Linden turned towards the cheerful voice's owner – only to see her personal servant slumped in the chair in the far corner of Linden's chambers. Upon Linden's entrance to the room, the fourteen-year-old hopped up and rushed over, patting Linden on the back in an assuring manner.

"How did you know what was going on?" Linden asked skeptically.

The girl, Kamaria, attempted to grin cryptically. "I have my ways, my mistress. My eyes and ears are everywhere…"

Linden cracked a grin. "You must have many sets of eyes and ears, of course, to see and hear so much. Honestly – how do you always find out so quickly?"

"Caoimhe informed me that you had left to see your father when I went looking for you, and I pieced the rest of it together. I am a smart girl, you know."

"You're also persistent and obnoxious – oh, you brought me breakfast," she said elatedly, spying the tray on her bed that contained a glass of fresh milk and a delicious-looking collaboration of ham and biscuits. Obviously the meal was not Kamaria's doing, as she couldn't cook anything edible to save her soul, but Linden thanked her for bringing it.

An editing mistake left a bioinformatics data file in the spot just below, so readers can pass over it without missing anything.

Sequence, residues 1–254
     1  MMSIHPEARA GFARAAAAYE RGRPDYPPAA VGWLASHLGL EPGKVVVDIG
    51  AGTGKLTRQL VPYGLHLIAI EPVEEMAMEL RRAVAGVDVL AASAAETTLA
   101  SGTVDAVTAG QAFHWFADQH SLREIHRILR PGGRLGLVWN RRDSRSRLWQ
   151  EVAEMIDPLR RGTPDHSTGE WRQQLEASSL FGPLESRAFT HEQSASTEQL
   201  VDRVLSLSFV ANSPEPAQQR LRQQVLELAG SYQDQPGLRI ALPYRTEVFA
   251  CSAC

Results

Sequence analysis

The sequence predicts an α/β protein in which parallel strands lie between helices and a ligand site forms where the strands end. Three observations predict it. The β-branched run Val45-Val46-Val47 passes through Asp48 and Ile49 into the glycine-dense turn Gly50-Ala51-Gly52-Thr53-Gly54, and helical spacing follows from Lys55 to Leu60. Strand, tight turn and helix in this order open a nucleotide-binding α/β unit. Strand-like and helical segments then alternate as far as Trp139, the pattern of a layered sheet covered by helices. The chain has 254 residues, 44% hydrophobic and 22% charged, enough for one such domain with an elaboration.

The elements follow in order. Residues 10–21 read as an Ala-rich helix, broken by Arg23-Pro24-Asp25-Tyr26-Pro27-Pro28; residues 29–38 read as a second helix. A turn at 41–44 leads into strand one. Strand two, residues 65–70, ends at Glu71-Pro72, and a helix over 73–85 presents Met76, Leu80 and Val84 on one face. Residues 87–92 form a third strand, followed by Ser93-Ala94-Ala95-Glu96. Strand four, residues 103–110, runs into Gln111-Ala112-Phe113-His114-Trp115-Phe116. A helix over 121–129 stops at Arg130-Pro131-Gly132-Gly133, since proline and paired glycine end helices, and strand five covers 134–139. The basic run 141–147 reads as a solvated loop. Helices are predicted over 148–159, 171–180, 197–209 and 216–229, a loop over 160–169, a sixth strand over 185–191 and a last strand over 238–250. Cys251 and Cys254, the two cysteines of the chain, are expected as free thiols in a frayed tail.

"How did the lessons with Gavin go?"

Kamaria was one of the few people Linden trusted with the knowledge of her training with her brother. Though she could be a bit meddling, Kamaria was the picture of loyalty. She had yet to betray any of Linden's secrets, and she placed full confidence in the girl.

If one were to go by appearances alone, one would not be very inclined to notice Kamaria. She was only an inch or two shorter than Linden, with deeply tanned skin and a bad case of acne that covered most of her body in whitish dots. Her plain brown hair was cropped at her chin. However, her brown-gold eyes were generally warm and inviting – and if not, were filled with mischief. She stood out amongst the servants as blatantly outspoken and a little too witty for her own good; unlike most of the lower class, she was fairly literate.